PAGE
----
By Caroline Valetkevitch
NEW YORK (Reuters) - Major global equities markets steadied and the yen stabilized against the U.S. dollar on Friday as worries about Portugal's biggest bank ebbed, while oil prices dropped on easing concern about supply losses in the Middle East.
MSCI's All-World Index, however, was still down 1.6 percent for the week, while the Standard & Poor's 500 index was on track for its worst week since April.
Early U.S. earnings reports sparked some caution for U.S. stock investors, with Well Fargo's shares down 1.2 percent after the bank for the first time since 2009 did not increase its earnings-per-share from the preceding quarter.
Portugal's PSI 20 index was up 0.7 percent after the country's largest bank, Banco Espirito Santo, said late on Thursday that loan losses that hit its founding family would not put the bank at risk of running short of capital.
Shares in Portugal's largest listed lender are down 35 percent so far this week, its worst week on record.
The calmer market enabled Italy to sell 7.5 billion euros of bonds, the top of its targeted range, in an auction that sharply contrasted with Greece's three-year bond sale on Thursday, in which demand was hurt by fallout from Portugal.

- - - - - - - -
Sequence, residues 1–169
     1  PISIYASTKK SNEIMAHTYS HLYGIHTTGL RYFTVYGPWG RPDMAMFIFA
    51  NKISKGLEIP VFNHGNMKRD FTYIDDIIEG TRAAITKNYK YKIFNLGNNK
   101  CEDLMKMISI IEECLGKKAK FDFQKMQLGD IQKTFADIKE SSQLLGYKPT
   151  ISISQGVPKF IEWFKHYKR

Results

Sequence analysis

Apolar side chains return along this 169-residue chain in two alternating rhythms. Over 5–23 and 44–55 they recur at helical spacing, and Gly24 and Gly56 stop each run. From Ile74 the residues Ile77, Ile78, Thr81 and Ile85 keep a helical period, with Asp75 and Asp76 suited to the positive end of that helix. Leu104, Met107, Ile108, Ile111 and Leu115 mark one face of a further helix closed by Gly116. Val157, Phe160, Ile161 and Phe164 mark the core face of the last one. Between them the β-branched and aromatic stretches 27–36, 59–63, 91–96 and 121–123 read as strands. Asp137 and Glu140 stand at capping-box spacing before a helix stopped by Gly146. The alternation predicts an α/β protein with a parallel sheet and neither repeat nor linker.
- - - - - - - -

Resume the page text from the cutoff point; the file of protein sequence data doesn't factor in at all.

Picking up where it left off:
"The systemic risk to the Portuguese banking system is limited, and that's what the market is telling you this morning," said Veronika Pechlaner, who helps manage $13 billion of assets at Ashburton Investments.
The Dow Jones industrial average was down 32.73 points, or 0.19 percent, at 16,882.34. The Standard & Poor's 500 Index was down 2.58 points, or 0.13 percent, at 1,962.10. The Nasdaq Composite Index was up 4.36 points, or 0.10 percent, at 4,400.57. The S&P 500 was on track for a 1.1 percent decline for the week.
"Wells came in a little light, and while there was nothing really wrong with the quarter, it is one of the few banks that can be counted on to beat profit expectations and that didn't happen," said Matthew Kaufler, portfolio manager at Federated Investors in Rochester, New York.
The MSCI World index was down 0.1 percent, while the pan-European FTSEurofirst 300 index closed up 0.01 percent.
Currency markets were largely steady, with the yen trading against the dollar at 101.33 . It rose 0.12 percent to 137.72 against the euro.
The dollar was little changed against the euro at $1.3593.
U.S. Treasury bond prices edged higher on safe-haven demand stemming partly from lingering worries about Portugal. Appetite for Treasuries was also stoked by the minutes of the U.S. Federal Reserve's June policy meeting released on Wednesday, which hinted that the central bank is likely to cling to its near-zero interest rate policy until the second half of 2015.
Benchmark 10-year Treasuries were up 6/32 in price to yield 2.511 percent.
As tensions in the Middle East showed little sign of abating, Brent crude oil was off $1.68 at $106.99 a barrel. U.S. crude lost $1.59 to $101.34.
(Additional reporting by Lionel Laurent, Patrick Graham, Emelia Sithole-Matarise, Chris Vellacott and Tricia Wright in London,; and Ryan Vlastelica in New York; Editing by Larry King and Dan Grebler)